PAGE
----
Interior Provides More Than $291 Million in Conservation Funding for States and Tribes to Clean Up and Repurpose Abandoned Coal Mines

AML funds improve coal communities and the lives of their residents

Last edited 11/22/2021

Date: March 19, 2019

WASHINGTON – U.S. Acting Secretary of the Interior David Bernhardt today announced the availability of the Fiscal Year 2019 Abandoned Mine Land (AML) Reclamation grants through the Office of Surface Mining Reclamation and Enforcement (OSMRE). This year’s grants will provide more than $291.2 million [1] for states and tribes to reclaim and repurpose abandoned coal lands.

“These grants are a great example of Interior partnering with states, Tribes, and local governments to provide resources for conservation efforts and infrastructure and public safety improvements, like fixing embankments, stabilizing land above underground mines, and restoring streams,” said Acting Secretary Bernhardt. “The investment we’re making back into coal country helps protect people, land, water and property, and enhances the lives of local citizens.”

AML grants, funded in part by a fee based on coal produced in the United States, help to eliminate dangerous conditions and pollution caused by past coal mining. AML-funded projects have closed dangerous mine shafts, eliminated highwalls, reclaimed unstable slopes, treated acid mine drainage, and restored water supplies damaged by mining.

OSMRE provides AML grants to the 25 coal-producing states and three tribes according to a congressionally mandated formula based on their past and current coal production. Each year, after the distribution is announced, eligible states and tribes apply for annual reclamation grants to access money in their allocations. OSMRE evaluates and verifies the requests, and makes the award amounts available.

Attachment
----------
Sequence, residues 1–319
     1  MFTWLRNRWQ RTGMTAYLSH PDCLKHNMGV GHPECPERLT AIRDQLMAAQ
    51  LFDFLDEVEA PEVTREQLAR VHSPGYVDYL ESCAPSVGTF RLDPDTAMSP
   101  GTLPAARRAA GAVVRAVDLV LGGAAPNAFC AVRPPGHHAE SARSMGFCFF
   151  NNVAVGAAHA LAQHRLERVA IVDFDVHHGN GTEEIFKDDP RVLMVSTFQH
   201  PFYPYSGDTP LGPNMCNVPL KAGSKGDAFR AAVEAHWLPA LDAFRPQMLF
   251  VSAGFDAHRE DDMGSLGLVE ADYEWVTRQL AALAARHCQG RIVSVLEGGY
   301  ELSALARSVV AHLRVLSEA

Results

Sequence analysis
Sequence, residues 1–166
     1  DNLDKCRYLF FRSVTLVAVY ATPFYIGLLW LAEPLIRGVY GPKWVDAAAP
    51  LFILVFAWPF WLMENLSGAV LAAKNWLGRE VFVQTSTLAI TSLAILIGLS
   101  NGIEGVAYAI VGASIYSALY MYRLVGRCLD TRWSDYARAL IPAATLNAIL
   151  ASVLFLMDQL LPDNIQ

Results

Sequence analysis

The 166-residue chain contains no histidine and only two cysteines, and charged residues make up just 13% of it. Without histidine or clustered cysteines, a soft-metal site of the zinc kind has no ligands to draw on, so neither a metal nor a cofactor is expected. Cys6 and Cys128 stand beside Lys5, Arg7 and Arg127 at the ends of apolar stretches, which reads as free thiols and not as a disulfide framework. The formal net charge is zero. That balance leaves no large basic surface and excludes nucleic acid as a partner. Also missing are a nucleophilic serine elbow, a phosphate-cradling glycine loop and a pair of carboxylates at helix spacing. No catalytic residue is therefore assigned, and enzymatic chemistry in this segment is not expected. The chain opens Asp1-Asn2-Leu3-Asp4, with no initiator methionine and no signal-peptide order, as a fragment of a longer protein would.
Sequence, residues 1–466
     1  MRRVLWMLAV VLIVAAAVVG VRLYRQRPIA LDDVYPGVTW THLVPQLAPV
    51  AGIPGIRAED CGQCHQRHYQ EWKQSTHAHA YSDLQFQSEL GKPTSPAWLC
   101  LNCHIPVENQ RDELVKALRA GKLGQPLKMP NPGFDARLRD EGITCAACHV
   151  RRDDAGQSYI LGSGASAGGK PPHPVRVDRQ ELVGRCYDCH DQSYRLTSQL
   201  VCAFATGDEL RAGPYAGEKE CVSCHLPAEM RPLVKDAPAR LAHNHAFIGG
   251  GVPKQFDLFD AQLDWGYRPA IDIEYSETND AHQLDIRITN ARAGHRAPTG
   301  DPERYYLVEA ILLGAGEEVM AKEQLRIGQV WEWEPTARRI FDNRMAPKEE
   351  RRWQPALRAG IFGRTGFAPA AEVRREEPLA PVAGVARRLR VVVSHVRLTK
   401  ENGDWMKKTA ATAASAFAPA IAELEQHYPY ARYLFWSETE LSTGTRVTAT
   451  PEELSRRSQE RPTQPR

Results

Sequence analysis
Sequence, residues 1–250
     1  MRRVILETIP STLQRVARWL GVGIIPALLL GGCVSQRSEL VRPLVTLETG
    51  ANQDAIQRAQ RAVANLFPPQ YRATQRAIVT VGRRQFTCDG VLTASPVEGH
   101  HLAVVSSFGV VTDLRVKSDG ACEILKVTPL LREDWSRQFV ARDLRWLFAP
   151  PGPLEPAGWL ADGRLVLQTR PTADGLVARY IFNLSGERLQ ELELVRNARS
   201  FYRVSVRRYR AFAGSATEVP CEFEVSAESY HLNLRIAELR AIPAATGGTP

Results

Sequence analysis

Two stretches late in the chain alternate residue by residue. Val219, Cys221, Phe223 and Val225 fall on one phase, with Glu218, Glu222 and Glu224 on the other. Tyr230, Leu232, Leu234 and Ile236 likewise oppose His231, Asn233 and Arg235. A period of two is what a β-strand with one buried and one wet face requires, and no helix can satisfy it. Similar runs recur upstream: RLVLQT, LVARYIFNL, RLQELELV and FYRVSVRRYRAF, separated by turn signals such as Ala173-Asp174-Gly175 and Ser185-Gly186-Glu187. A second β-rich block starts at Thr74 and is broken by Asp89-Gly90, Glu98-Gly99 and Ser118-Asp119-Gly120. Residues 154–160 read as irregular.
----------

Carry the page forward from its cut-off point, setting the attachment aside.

The authority to collect AML reclamation fees is slated to expire in September 2021, unless Congress reauthorizes the fee, as it did in 2006.

The FY 2019 AML Reclamation funding available to states and tribes is as follows:
State / Tribe Amount Allocated
Alabama $5,139,869
Alaska $2,814,000
Arkansas $2,814,000
Colorado $3,117,101
Illinois $18,678,495
Indiana $8,072,975
Iowa $2,814,000
Kansas $2,814,000
Kentucky $18,296,295
Louisiana $177,816
Maryland $2,814,000
Mississippi $102,445
Missouri $2,814,000
Montana $7,747,222
New Mexico $2,814,000
North Dakota $2,814,000
Ohio $10,285,761
Oklahoma $2,814,000
Pennsylvania $53,846,935
Tennessee $2,814,000
Texas $2,515,463
Utah $1,362,163
Virginia $5,607,813
West Virginia $35,754,311
Wyoming $87,833,889
Crow Tribe $1,211,505
Hopi Tribe $588,522
Navajo Nation $2,817,230
National Total $291,295,810

 To watch videos featuring award-winning AML projects, please visit OSMRE’s YouTube Channel.

[1] Approximately $120 million of the total AML Reclamation grants is the result of the final payment from the phase-in period for states and tribes to receive certified in lieu funds that were withheld under Surface Mining Control and Reclamation Act (SMCRA) between FY 2009 and FY 2011. Those states and tribes that have certified that they have completed their abandoned mine land reclamation obligations received $61 million dollars, in addition to the certified in lieu funds those states and tribes otherwise receive each year from the U.S. Treasury. Uncertified states also received a similar increase of $61 million as well as their annual payments from the AML Fund. The total amount available for the FY 2019 AML Grant distribution was reduced by the mandated sequestration amount of 6.2 percent that was applied across the board resulting in a reduction of $19.2 million.


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